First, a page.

Fossil Fuels received 25-times more Energy Subsidies in the US
Renewables $27 Billion (2013)
Fossil Fuels $699 Billion (2015)

Most importantly, their climate has changed, literally and figuratively. With our planet burning up from climate change induced bush fires, ocean rise threats extending from Key West to Cape Cod, and Generation Z now on the march, the pressure is on to ditch fossil fuels. Time is of the essence.

Some gas producers and frackers have hung on, repeatedly cutting their workforce, flipping mineral rights at huge discounts, and trying to become ‘lean and mean.’ With gas prices remaining low, and pipelines struggling through citizen uprisings, criminal investigations and self-induced multi-million dollar fines, the outlook for gas producers remains stark.

Image: Scores of violations and this Revolution Pipeline explosion in Pennsylvania led to a $30.6 million fine, highest ever levied by the Pa DEP.

Investors finally ‘woke up and smelled the coffee’ on a couple key facts; the high risk of many shale gas investments, and even more importantly, realized their grandchildren need a livable planet without ever increasing floods, super storms, or ‘fire and brimstone.‘

Time has run out on the disinformation campaigns funded by fossil fuel lobbyists and industry spin doctors. Yet they still bad mouth free wind and free solar energy from the sun, even as the price of renewables has become far more favorable over time. These two images speak volumes about our real, sustainable energy future:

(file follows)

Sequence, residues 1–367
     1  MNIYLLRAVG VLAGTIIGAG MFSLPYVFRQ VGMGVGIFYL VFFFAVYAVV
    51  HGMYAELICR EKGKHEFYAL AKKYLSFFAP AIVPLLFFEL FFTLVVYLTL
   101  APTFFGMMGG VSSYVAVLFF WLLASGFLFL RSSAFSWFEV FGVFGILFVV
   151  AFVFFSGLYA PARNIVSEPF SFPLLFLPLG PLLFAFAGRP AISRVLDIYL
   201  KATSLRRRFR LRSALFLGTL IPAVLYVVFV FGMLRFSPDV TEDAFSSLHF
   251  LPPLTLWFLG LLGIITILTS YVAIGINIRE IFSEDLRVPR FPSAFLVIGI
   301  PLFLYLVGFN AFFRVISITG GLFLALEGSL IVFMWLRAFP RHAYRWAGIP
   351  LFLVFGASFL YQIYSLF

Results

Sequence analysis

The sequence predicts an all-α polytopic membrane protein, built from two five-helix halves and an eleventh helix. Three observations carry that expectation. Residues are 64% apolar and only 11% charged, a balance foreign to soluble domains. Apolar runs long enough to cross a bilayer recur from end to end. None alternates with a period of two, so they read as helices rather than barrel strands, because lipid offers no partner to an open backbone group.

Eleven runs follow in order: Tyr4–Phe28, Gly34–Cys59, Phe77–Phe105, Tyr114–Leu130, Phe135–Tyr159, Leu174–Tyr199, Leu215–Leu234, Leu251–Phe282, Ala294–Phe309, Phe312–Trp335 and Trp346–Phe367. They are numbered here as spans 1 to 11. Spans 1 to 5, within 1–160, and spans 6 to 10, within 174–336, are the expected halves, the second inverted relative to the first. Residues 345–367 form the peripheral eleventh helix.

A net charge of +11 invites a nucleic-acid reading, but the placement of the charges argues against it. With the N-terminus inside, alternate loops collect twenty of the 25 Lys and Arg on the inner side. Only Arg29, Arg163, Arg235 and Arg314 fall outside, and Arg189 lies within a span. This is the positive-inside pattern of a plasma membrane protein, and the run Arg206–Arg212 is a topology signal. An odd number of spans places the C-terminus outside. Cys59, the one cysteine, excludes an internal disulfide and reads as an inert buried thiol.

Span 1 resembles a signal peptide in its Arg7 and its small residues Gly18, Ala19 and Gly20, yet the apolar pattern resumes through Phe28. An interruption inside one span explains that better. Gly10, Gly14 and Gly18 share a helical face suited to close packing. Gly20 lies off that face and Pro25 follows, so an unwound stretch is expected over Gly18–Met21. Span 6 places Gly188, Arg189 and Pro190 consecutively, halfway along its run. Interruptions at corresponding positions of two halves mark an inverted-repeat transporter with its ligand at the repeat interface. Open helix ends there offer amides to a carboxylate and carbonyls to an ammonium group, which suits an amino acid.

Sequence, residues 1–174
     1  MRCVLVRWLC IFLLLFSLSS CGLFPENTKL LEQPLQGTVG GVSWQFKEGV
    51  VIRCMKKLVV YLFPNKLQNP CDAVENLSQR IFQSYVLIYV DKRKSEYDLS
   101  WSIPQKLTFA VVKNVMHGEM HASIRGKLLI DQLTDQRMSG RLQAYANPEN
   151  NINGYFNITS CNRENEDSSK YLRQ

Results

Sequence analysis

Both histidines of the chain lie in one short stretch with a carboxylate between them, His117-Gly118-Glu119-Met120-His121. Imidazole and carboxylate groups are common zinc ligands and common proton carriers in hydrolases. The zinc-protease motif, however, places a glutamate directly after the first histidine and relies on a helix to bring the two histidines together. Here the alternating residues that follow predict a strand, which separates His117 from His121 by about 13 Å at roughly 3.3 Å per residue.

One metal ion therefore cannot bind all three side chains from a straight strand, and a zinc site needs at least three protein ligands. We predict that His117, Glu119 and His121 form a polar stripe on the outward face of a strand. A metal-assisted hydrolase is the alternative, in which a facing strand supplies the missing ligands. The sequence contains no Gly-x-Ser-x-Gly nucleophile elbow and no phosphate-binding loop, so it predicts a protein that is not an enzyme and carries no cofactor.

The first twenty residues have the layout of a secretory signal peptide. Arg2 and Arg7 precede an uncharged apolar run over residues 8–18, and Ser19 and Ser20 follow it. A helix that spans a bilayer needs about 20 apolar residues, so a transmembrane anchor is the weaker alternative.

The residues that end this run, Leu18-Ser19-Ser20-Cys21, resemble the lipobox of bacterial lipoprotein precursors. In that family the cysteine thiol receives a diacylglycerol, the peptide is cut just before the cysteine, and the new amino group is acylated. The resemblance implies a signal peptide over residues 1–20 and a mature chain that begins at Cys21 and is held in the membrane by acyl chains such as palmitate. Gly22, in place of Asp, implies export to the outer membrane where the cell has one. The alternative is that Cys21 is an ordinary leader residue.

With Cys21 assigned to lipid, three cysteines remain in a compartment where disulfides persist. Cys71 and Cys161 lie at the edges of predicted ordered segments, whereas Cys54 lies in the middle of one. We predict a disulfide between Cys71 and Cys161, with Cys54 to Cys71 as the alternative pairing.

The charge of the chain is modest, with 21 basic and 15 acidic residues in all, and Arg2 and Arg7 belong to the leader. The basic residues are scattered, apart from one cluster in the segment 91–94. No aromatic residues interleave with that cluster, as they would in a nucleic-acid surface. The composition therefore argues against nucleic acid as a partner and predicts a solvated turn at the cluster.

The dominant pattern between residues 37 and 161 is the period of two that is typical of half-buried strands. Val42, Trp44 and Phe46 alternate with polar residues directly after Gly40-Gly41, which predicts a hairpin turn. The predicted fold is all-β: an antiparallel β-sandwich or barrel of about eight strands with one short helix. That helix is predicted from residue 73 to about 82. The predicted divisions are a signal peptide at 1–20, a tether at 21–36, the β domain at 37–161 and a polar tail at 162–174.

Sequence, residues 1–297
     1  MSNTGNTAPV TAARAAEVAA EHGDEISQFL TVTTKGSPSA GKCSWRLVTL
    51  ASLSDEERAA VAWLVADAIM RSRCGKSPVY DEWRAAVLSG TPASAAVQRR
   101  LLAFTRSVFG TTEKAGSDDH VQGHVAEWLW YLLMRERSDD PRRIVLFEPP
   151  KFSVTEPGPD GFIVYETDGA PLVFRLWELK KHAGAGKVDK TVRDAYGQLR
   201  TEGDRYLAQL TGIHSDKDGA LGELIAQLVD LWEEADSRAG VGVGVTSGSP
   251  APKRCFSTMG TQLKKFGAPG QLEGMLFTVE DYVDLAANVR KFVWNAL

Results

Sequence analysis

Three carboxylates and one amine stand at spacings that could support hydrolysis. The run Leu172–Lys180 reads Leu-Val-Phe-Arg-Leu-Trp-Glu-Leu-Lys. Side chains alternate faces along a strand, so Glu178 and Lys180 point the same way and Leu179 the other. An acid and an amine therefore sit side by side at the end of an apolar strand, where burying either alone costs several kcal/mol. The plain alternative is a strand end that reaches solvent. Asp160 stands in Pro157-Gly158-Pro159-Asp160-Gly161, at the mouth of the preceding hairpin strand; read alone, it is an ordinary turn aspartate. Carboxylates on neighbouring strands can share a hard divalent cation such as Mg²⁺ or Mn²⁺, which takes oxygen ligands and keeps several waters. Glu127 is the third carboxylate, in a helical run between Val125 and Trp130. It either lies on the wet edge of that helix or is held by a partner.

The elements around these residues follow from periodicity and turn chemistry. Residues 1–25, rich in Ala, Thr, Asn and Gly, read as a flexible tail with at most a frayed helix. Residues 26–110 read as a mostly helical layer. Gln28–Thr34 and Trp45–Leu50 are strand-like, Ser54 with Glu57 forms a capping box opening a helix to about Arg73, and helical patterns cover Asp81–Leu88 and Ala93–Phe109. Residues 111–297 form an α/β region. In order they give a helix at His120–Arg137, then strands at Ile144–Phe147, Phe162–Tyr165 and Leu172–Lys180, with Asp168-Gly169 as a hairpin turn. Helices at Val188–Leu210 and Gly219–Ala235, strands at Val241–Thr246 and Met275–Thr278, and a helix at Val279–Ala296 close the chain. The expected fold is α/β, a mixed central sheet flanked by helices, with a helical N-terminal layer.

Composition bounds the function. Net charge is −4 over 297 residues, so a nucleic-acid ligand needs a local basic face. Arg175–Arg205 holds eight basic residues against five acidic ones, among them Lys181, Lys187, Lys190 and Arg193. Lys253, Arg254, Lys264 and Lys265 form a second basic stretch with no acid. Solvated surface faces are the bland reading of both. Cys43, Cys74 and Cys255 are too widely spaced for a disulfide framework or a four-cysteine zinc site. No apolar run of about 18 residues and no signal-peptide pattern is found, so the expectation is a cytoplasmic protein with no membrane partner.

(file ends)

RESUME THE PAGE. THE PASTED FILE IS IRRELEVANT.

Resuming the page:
Image: Enough solar energy reaches Earth every hour to fill all the world’s energy needs for a full year. Source: Climate Reality Project

Image: Globally, wind could supply worldwide electricity consumption 40 times over. Source: Climate Reality Project

With the advent of electric vehicles, far more research is being done on battery storage and other ways to store energy for those times when the sun isn’t shining, and the wind isn’t blowing. Batteries have come a long way, while work continues to make them less expensive, lighter weight and more energy dense.

Meantime, newer Marcellus Shale drilling pads are super-sizing well counts. What used to be 6-well pads are hosting up to 7-times more wells. Well laterals are now reaching miles further horizontally. Unfortunately, these larger well pads still end up close to dream homes and residents who have valid concerns about truck traffic, light splash, air pollution, spills and noise — industrial-grade activities that can extend from months to years.